SOUTH KINGSTOWN, R.I. — Nicole Paliotti and her husband, Peter, have much to be thankful for this Thanksgiving because earlier this year both saw first-hand the wrenching toll that the COVID-19 disease took on families.
Both work at South County Hospital, with Peter, 41, an operating room nurse dispatched last spring to the frontlines for COVID-19 testing and Nicole an administrative staff member at the time in the Infection Prevention Department involved with planning for a pandemic.
Almost overnight, this couple’s — and their children’s — lives changed.
As healthcare workers, they had nearly non-stop responsibilities, assisting the hospital’s efforts to test those coming through the doors, set up strategies for dealing with a pandemic that hadn’t faced health care institutions in 100 years and serve this local community.
However, at home were their 16-year-old son, Ben, and nine-year-old daughter, Sydney. They, too, sacrificed for the community by having parents for nearly three months spend most days at the hospital helping others, said Nicole.
“It was a really tough time. We are thankful today — this Thanksgiving — that we made it through it, that everyone is still safe and that we could all help others in the community that needed us and help the rest of the staff at the hospital,” said Nicole.
Like healthcare workers and others around the nation – regardless of profession – who give thanks, they reap the benefits of healthier living, especially in this past year of rampant disease unseen in a century, lockdowns and death, say experts in psychology and gratitude.
“The grateful mind reaps massive advantages in life,” Dr. Robert Emmons, a professor of psychology at the University of California, Davis and the founder of a research lab that studies the effects of grateful living.
“Health and wholeness, wellness and fullness result from the systematic practice of a grateful living,” he said.
Emmons noted that giving thanks “literally breathes new life into us. It recharges and it rejuvenates.” He defined it as “an affirmation of the goodness in one’s life and the recognition that the sources of this goodness lie at least partially outside the self.”
Nicole, 38, echoed those sentiments recently as she took a few steps back to look at the spring chaos around the pandemic.
Sending the lives of herself and her family into an orbit never imagined, she said many of the experiences also gave her an deeper sense of even small things in life to be thankful for.
One of those instances came with a knock at the door of her home one day.
She found on her doorstep a bag with a book and some activity games for her daughter who was spending everyday alone with her brother doing her required distance learning lessons because classrooms were shut.
Until just a few years earlier, Nicole had been a stay-at-home mom working from the house in a different job. The kids were accustomed to having her around.
Nicole now was working 10-hour days, usually seven days a week. Peter was working eight-hour days Monday through Friday, with weekends off when both children might get time with only him.
“It was so stressful. It was not easy for parents taking care of kids at home and we couldn’t even be there,” she said in a voice with some lingering sadness as it trailed off.
It also became a lonely time for the children as well.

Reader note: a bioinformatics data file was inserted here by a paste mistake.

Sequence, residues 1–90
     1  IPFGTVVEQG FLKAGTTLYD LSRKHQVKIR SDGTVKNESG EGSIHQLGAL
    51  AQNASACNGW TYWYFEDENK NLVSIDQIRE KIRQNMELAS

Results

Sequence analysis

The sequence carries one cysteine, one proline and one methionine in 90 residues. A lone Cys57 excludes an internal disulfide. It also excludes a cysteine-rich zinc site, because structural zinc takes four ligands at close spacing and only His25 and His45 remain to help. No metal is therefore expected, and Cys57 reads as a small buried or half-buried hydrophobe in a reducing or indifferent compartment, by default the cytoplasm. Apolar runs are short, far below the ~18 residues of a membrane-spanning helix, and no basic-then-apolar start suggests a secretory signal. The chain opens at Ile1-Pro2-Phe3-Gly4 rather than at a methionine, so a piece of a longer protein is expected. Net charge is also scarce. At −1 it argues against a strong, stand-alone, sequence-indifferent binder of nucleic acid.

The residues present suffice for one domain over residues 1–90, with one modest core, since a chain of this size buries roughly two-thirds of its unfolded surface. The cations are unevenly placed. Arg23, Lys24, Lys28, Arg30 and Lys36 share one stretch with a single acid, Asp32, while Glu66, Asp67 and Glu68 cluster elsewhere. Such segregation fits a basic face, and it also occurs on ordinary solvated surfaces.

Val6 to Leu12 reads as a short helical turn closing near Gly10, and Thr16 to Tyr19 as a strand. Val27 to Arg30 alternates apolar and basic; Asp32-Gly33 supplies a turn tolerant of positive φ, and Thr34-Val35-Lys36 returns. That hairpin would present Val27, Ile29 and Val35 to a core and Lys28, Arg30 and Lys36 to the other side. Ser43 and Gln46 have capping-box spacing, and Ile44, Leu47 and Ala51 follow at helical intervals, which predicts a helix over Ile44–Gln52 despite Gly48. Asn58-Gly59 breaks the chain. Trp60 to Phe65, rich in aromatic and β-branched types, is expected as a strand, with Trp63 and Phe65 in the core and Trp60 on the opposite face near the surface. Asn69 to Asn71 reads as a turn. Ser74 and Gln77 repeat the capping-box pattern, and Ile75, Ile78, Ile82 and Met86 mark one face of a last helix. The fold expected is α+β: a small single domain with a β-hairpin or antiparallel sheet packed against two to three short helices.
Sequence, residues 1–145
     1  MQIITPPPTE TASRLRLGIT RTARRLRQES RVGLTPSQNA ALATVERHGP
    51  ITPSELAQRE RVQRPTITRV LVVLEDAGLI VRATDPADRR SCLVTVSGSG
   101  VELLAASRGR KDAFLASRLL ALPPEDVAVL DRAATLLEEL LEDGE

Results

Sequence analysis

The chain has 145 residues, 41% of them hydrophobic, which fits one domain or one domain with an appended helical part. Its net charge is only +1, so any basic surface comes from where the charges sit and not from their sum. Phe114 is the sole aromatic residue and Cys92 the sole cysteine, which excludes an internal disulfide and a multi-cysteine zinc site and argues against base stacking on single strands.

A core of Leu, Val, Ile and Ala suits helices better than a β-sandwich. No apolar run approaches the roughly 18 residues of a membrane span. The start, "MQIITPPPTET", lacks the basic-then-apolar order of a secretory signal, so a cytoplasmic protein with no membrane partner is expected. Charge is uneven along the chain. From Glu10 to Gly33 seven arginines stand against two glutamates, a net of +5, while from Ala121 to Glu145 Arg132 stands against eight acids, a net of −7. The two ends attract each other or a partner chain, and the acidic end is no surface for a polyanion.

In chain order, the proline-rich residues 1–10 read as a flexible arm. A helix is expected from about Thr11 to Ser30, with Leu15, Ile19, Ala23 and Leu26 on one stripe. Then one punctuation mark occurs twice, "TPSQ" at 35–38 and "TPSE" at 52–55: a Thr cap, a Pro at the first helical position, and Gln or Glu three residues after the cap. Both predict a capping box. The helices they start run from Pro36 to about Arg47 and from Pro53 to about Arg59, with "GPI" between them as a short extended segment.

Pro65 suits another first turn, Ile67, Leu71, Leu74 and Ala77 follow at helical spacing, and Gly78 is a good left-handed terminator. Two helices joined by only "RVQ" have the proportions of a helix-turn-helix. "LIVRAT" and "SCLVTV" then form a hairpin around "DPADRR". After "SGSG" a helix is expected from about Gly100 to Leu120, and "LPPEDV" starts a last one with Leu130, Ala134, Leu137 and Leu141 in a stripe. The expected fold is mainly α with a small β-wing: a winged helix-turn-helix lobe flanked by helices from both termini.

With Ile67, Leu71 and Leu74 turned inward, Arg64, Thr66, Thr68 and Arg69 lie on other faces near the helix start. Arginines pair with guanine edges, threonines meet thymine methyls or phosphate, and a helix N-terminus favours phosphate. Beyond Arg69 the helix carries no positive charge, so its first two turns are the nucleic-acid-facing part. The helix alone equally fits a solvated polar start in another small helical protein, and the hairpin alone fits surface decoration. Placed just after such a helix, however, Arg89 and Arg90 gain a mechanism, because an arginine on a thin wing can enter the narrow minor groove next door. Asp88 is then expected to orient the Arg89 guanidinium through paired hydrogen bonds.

“It was so very nice to see that gift. It put a smile of her face. She was just excited. It’s exciting for a little kid to get an unexpected gift, especially during COVID,” said Nicole about this package from Wakefield’s Busy Buddies Foundation.
As charitable foundations go, Busy Buddies is small, but makes large differences through contributions to the lives of local children. The foundation pays for various needs whether lessons or activities and, as in Sydney’s case, sometimes just lets them know there is a community watching out for them.
“It made me feel happy to get a surprise gift because I was missing my friends and was spending a lot of time alone,” Sydney told The Independent this week.
She was one of a hundred or more young children who received a gift as part of this outreach when the pandemic started, said Rachel Clough, foundation president.
Her group collected the names of children from schools and elsewhere, titles of books they might like to read and some fun activities they may enjoy. It then bought these items and packaged them up for delivery around South Kingstown and Narragansett.
Clough, who founded Busy Buddies six years ago, said, “I’m a firm believer that we can all always do something. Our community and the issues around this disease just called out for some action.”
Nicole and Peter agreed, especially since health care workers are some those who sprang into action.
“It gave Sydney something to do,” Nicole said. “It was just so thoughtful because it was lockdown and she couldn’t do much and I’m just so thankful that someone thought about us.”
They also said that the entire experience made them thankful for having a close community as well as family.
“I am thankful that my family has not lost anyone to this awful disease, that my kids are healthy and were able to persevere through a very difficult time, and for my incredible husband who is and always has been a wonderful partner,” she said.
In addition to the support and commitment from his wife, Peter said the experience has also made him “thankful for my kids and the love that they have for one another, even if they drive each other crazy. If they weren’t so close, we wouldn’t have gotten through this.”
Watching her parents gave young Sydney insight about the important parts of life in this world she will inherit, she said.
“I am thankful for my family, friends, a warm roof over my head, food, and that I am not sick,” she said.
Her brother Ben said he, too, was thankful for “my family, friends and to finally be getting my driver’s license this week.”